Kebab, souvlaki, and lamb- I can smell the cumin and grilled flavor from here.

Mendokoro Ramenba Can’t-Miss Food Destination

Regulars have normalized the 1-hour wait to get into this 21-seat ramen bar, so you know the taste must be worth the wait. If the Ziggurats review above overwhelms you with choices, Mendokoro will help steady your spinning head. Mendokoro has a super simple, some would say minimalist, menu of 12 items, 10 of which are ramen.

This specialization in ramen is a puff-your-chest-out display of focus and dedication. The chef and staff working in the open-air kitchen are on full display in front of you. Their culinary skills were laid bare in the exhibition, a blatant show of their confidence and ability in making a small select number of dishes, very very very well.

Mendokoro’s pork broth with grilled pork belly is a Manila must-try if you love noodle soups.

For first-timers, I recommend the Shoyu ($8)with extra Chashu ($3). The extra hunks of thick, slow-cooked pork are smoky and succulent, compliments the creamy savoriness of the tonkotsu (pork bone) broth. The blend of textures from the rich, thick broth, soft and tender pork, and the firm and chewy noodles are the perfect interplay consistency and flavor.

INSIDER TIP: Off Menu Secret Item: Super Chashu Ramen- The broth, a fusion of soy sauce and creamy pork bone with a kick of garlic and some sneaky heat from chopped red chili. While the milky white broth is delicious in fatty richness, the giant slab of chashu pork is the star. Medokoro marinates and slowly cooks the slab for even longer than it takes to make the broth.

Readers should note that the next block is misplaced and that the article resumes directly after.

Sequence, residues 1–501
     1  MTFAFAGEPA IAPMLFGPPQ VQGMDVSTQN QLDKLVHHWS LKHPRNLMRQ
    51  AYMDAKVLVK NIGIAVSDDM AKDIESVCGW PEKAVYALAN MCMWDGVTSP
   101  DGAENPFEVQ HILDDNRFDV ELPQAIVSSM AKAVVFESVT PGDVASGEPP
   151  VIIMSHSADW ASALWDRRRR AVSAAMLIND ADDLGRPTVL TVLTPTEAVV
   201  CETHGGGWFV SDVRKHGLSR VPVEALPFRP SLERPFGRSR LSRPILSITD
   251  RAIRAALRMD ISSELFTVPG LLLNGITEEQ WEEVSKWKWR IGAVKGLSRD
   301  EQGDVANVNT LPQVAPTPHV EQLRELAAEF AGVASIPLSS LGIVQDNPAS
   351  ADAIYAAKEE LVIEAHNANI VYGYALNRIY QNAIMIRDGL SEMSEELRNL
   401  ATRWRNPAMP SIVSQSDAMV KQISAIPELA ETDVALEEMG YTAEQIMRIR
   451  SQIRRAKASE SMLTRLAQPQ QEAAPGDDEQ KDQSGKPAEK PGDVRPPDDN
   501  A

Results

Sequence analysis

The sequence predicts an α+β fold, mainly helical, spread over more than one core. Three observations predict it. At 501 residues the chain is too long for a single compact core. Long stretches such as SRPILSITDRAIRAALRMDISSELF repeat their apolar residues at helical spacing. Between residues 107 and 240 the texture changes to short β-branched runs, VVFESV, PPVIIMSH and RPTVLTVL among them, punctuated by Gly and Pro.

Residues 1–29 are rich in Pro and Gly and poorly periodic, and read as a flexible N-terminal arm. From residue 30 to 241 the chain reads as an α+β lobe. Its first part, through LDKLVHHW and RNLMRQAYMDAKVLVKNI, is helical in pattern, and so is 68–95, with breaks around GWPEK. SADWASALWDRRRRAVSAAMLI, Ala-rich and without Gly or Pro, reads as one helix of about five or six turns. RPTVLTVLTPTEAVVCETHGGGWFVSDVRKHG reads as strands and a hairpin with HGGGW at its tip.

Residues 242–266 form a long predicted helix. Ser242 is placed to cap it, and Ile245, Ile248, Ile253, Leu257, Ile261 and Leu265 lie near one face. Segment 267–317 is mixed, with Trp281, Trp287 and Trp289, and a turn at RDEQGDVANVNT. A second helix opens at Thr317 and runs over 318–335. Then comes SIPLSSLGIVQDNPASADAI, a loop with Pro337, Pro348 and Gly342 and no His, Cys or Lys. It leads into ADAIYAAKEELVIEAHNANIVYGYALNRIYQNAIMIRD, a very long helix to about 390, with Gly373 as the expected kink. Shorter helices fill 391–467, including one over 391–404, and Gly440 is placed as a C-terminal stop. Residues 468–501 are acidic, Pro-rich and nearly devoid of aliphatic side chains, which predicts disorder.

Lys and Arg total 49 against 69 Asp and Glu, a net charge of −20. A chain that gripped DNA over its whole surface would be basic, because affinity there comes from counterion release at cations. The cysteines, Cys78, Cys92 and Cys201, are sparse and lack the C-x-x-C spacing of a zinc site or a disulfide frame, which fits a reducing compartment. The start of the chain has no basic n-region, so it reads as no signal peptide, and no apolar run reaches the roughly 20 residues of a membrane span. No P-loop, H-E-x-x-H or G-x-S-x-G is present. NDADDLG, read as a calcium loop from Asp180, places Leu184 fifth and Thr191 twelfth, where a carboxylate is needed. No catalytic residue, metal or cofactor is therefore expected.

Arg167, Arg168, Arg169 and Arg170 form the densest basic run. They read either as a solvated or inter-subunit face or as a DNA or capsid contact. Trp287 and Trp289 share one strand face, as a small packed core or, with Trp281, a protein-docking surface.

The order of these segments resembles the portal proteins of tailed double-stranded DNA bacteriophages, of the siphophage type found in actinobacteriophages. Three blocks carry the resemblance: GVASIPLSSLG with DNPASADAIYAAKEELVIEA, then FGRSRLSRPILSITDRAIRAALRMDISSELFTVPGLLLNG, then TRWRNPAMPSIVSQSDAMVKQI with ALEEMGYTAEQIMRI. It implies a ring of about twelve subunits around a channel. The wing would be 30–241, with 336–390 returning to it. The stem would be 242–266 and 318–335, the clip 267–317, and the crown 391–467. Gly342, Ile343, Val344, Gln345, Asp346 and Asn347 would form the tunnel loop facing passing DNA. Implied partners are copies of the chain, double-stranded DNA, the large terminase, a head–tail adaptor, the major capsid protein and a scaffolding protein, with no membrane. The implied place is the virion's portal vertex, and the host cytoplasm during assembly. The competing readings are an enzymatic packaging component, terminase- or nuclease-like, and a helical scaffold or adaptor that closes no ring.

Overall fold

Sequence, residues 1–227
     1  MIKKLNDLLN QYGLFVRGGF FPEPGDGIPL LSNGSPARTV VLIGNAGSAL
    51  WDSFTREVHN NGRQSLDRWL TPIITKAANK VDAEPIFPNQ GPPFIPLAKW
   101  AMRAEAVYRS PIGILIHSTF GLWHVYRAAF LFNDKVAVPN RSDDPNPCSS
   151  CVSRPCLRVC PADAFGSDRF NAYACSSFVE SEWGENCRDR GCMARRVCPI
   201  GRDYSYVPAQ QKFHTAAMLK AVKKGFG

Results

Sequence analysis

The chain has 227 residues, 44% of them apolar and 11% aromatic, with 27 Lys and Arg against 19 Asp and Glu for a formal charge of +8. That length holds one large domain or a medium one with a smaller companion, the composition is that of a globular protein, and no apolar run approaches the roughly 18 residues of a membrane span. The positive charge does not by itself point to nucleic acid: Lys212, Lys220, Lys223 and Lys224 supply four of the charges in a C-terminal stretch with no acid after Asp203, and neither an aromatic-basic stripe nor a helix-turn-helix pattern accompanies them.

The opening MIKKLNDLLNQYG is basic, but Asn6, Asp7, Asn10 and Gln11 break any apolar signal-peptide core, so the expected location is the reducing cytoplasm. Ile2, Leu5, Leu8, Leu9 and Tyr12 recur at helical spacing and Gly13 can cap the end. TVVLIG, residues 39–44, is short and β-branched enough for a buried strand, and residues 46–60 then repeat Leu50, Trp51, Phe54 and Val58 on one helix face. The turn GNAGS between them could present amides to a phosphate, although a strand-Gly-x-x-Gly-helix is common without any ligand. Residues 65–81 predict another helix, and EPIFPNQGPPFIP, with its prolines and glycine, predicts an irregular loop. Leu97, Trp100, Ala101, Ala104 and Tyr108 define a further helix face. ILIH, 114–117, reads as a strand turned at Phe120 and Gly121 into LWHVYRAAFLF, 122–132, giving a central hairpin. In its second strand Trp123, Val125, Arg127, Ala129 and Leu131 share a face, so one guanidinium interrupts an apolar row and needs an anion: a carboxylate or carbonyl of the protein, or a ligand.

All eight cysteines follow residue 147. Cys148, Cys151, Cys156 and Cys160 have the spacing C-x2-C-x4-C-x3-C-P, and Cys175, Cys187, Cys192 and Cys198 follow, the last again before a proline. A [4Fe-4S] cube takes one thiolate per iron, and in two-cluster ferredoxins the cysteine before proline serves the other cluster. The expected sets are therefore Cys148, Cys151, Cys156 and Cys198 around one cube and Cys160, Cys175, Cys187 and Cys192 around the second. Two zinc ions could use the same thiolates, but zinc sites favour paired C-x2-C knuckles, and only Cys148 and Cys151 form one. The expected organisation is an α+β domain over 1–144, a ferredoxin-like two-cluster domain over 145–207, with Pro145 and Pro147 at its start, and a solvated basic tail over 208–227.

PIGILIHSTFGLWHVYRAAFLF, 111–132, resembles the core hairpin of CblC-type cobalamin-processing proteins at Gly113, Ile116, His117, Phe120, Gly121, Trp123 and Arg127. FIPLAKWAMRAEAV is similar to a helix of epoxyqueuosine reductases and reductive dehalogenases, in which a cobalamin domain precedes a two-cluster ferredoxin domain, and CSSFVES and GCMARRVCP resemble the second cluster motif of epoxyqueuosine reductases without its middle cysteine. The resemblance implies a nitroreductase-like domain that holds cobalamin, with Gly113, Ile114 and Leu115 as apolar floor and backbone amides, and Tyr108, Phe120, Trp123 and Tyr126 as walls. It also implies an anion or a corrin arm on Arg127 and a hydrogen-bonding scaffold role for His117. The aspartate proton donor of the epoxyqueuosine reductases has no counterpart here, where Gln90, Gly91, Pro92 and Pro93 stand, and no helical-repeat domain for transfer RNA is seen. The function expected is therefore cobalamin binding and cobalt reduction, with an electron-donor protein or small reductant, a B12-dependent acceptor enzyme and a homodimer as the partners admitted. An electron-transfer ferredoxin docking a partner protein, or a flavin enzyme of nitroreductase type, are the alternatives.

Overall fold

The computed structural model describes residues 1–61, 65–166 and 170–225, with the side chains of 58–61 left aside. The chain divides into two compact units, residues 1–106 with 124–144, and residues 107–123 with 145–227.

The result is a perfectly grilled masterpiece, reminiscent of a steak that, despite its thickness, retains its fall-off-the-fork tenderness.

This secret menu item is a must-try for ramen enthusiasts.

Barcino- Best Restaurant In Manila For A Dinner Date

When selecting the ideal restaurant for a first date in Manila, my go-to choice is always Barcino. I still vividly recall my first visit to this gem a few years ago when I moved to Manila. It was one of my first dates after getting out of a serious relationship. 

I think my server could sense my nervousness because she kept the glasses of wine flowing.

Barcino is perfect for a first date. The ambiance is casual enough to keep things light-hearted, while the exceptional service makes a great first impression on a date.

After a generous glass of paradise sangria (red wine mixed with lychee, green apple, and rosemary) to start the night off, Barcino delivers as the best tapas restaurant in Manila. 

Couple at Barcino on a first date in one of Manila's best places to eat